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Measuring the Quality of Mental Healthcare: Barriers and Strategies


Despite the proliferation of evidence-based guidelines for the treatment of mental disorders, quality of care and patient outcomes remain suboptimal. Among others, a recent Institute of Medicine report documented substantial gaps in evidence-based care for mental disorders, citing poor quality in detection, treatment, and follow-up care. Moreover, there is documented evidence that, worldwide, the mental health services sector lags behind in the development and implementation of performance measures and strategies for implementing them as tools to improve quality and outcomes. This article discusses the barriers to mental health quality measurement – and identifies strategies to enhance the development and use of quality measures in order to improve outcomes for people with mental health disorders.

The authors suggest that key reasons for the lag in mental health performance measurement include: lack of sufficient evidence regarding appropriate mental health care, poorly defined quality measures, limited descriptions of mental health services from existing clinical data, and lack of linked electronic health information. The refinement of quality measures and, ultimately, enhanced outcomes in mental health will require investment in information technology, additional studies to support the evidence base, and the development of a culture of measurement-based care. Sustaining efforts to improve mental health performance measurement will require rethinking how quality measurement is used to promote the uptake of evidence-based mental healthcare across systems of care. In addition, measurement systems should cut across mental health disorders, physical disorders, and substance use disorders, which often co-occur. The authors also note that an important example of quality measurement in mental healthcare in the U.S. is work that has been done within the VA healthcare system. As a result, the Altarum Institute and RAND are conducting a national evaluation of VA’s mental health services, using a quality measurement model. Also, the VHA Primary Care-Mental Health Integration Program has implemented performance measurement for depression, alcohol, and PTSD screening and management.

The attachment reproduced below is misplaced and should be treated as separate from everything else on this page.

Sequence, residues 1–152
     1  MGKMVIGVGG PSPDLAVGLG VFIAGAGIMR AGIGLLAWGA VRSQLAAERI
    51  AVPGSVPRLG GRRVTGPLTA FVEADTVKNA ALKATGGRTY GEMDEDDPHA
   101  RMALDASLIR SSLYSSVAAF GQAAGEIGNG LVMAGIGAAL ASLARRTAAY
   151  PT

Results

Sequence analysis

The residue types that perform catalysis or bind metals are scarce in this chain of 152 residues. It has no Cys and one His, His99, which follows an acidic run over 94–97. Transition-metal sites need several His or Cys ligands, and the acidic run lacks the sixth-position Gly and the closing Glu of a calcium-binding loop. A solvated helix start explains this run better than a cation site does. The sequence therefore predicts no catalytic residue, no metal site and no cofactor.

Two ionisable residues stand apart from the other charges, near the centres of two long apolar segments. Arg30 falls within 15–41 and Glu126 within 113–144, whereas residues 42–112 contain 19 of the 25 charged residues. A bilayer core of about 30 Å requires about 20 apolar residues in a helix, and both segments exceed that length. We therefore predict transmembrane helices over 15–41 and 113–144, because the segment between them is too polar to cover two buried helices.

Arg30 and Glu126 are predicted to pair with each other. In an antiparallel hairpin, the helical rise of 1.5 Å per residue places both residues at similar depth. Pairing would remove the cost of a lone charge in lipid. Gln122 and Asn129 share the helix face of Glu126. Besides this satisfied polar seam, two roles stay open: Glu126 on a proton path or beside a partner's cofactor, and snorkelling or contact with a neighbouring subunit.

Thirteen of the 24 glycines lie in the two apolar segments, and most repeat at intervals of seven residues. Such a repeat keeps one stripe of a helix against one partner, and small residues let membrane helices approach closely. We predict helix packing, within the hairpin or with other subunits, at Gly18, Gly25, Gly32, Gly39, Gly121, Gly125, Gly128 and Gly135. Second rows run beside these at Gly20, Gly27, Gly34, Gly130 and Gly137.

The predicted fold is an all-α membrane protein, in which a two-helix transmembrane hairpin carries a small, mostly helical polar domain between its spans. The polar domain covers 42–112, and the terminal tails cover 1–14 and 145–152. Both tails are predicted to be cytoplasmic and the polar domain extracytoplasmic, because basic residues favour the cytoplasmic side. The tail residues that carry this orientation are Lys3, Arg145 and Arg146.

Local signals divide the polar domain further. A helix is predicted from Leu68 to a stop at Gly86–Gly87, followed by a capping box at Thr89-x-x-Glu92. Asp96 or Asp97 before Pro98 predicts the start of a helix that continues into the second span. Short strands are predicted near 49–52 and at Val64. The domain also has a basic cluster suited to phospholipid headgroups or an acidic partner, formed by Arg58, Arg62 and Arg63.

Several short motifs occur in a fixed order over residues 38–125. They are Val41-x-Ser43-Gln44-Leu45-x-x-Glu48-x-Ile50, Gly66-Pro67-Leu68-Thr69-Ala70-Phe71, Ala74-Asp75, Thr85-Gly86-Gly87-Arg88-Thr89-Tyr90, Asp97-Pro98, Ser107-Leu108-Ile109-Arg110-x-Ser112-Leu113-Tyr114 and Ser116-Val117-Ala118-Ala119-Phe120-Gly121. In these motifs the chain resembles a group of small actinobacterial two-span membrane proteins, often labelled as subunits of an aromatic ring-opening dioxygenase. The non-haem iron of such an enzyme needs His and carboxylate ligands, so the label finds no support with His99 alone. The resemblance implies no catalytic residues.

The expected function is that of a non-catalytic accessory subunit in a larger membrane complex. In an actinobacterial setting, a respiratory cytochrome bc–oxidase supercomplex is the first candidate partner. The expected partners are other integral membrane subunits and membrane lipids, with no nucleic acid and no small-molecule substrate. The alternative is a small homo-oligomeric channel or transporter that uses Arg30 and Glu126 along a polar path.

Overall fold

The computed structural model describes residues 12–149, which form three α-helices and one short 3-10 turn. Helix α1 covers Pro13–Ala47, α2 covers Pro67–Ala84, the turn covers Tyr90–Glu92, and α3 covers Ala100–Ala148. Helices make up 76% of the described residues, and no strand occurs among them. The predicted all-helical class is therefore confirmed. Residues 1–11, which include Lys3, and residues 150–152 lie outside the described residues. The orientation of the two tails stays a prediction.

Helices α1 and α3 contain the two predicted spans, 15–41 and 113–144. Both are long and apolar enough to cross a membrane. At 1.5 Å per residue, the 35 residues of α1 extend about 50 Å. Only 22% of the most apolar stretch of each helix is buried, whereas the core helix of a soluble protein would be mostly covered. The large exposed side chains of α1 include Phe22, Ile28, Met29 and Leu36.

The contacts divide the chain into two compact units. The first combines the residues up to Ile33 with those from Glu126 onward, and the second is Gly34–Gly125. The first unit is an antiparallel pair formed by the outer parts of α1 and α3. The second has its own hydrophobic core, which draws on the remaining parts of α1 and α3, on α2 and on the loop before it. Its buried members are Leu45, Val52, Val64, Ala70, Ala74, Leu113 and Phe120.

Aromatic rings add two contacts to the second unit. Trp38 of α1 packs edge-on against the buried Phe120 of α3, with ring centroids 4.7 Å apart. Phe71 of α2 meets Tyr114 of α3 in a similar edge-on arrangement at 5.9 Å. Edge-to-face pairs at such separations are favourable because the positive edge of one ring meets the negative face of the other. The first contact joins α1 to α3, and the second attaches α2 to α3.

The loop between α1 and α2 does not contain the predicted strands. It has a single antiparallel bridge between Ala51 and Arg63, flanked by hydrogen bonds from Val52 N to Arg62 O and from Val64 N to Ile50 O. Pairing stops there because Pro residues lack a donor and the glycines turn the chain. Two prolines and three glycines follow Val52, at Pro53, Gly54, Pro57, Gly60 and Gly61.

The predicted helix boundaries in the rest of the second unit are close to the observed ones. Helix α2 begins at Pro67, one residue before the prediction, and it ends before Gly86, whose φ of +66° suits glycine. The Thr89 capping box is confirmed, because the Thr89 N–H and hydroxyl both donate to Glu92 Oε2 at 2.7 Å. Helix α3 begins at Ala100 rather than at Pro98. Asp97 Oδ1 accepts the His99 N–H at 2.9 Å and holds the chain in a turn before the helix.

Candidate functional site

PubMed Logo Kilbourne A, Keyser D, and Pincus H. Challenges and opportunities in measuring the quality of mental health care. The Canadian Journal of Psychiatry September 2010;55(9):127-135.

This study was partly funded by HSR&D (IIR 02-283). Dr. Kilbourne is part of HSR&D’s Center for Clinical Management Research in Ann Arbor.

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What are HSR&D Publication Briefs?

HSR&D requires notification by HSR&D-funded investigators about all articles accepted for publication. These journal articles are reviewed by HSR&D and publication briefs or summaries are written for a select number of articles that are then forwarded to VHA Central Office leadership to keep them informed about important findings or information. Articles to be summarized are selected by HSR&D based on timeliness of the findings, interest of leadership, or potential impact on the organization. Publication briefs are written for only a small number of HSR&D published articles. Visit the HSR&D citations database for a complete listing of HSR&D articles and presentations.